VICTOR SARIANIDI FOUND THE FIFTH CENTER OF ANCIENT ORIENTAL CIVILIZATION
The Russian archeologist, Victor Ivanovich Sarianidi, has been conducting a research work on Central Asian ancient history for almost fifty years, and he was sometimes lucky to make a few findings. But a scientific sensation that he recently presented to the professional community has gone beyond all expectations. The expedition he heads in an area called Gonur-Tepe (Grey Hill) in Turkmenistan has found a sophisticated ensemble of palaces and temples dated 5 thousand years ago.
There are many signs that four ancient oriental civilizations - Mesopotamia, Egypt, India and China - will be joined by the fifth one, the capital of Margush state. A king's palace surrounded by a monumental complex that includes the temples of fire and water occupies the area of 10 hectares.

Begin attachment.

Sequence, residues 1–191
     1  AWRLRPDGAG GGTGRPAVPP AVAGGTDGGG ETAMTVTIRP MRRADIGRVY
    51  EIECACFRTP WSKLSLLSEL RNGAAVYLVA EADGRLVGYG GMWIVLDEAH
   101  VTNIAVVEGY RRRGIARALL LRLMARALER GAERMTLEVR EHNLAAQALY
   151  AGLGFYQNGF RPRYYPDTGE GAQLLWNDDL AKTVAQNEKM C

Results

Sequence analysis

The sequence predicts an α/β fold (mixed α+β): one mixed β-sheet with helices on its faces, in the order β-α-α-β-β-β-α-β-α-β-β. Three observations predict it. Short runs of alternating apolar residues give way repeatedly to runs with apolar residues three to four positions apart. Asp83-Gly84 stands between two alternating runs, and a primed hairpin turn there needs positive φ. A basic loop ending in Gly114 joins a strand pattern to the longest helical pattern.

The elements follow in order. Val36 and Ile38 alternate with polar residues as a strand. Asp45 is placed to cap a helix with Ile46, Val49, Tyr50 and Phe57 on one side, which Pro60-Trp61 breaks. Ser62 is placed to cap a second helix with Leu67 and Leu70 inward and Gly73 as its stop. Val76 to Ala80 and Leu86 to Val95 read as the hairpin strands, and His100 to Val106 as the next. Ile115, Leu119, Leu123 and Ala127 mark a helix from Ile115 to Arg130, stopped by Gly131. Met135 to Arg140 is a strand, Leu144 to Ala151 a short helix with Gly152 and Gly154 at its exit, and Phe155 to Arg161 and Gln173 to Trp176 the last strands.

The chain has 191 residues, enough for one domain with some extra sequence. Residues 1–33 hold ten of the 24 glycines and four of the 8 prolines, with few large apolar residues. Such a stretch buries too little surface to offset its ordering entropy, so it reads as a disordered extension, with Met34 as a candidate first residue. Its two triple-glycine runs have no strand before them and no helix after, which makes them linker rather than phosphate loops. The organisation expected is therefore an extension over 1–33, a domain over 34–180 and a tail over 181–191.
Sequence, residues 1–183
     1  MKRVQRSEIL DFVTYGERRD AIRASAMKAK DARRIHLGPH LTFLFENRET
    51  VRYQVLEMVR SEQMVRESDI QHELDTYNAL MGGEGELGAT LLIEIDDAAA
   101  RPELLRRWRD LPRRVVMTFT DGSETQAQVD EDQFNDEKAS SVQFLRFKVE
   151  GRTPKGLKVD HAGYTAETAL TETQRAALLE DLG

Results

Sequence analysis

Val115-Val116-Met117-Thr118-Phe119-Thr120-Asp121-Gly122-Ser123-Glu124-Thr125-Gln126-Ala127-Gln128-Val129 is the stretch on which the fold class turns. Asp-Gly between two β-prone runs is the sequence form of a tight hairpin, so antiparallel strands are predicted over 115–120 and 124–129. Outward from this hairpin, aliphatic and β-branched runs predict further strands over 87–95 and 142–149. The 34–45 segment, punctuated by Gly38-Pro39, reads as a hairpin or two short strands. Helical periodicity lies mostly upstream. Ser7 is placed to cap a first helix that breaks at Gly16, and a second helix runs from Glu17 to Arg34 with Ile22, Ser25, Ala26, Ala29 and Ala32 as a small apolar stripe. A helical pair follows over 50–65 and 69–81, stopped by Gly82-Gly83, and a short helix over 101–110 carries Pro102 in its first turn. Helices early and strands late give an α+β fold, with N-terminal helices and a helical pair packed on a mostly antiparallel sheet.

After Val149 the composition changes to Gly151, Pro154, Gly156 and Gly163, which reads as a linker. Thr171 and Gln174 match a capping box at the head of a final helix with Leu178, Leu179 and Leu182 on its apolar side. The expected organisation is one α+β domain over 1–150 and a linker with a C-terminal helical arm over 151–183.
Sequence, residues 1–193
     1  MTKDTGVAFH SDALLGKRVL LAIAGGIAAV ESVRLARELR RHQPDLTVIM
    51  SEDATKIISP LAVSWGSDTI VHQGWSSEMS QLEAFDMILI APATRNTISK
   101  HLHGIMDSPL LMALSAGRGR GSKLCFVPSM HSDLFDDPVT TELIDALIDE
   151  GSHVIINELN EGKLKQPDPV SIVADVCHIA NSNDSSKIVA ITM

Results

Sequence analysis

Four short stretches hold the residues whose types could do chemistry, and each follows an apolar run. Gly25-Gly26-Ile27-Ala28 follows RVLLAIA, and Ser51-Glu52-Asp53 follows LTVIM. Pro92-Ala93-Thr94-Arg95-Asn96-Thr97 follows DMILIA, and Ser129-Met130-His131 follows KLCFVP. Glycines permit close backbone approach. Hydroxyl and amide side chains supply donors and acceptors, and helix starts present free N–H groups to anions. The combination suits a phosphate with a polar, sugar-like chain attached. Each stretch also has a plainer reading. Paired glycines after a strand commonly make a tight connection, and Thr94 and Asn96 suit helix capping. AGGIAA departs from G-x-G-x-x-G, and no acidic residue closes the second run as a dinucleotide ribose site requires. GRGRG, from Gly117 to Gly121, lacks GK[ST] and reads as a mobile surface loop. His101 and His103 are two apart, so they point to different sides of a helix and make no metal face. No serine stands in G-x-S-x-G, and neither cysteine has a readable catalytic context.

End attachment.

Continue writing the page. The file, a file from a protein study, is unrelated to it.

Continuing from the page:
Earlier there had been found sculptures and stone wedge writings remindful of a shumer one. The assumptions that this is a right place to dig for a legendary founder of the ancient religion Zaraustra, a son of local Druid, are getting more proves.
Victor Ivanovich Sarianidi has lived a life to make his finding in the hot Turkmen desert where he has been working for over 40 years. But a 23-year-old graduate of the Tashkent University could hardly imagine in his brightest dreams that he would sometime find a city where Zaraustra spoke for the first time...
Russian "Trud" newspaper, 23.10.03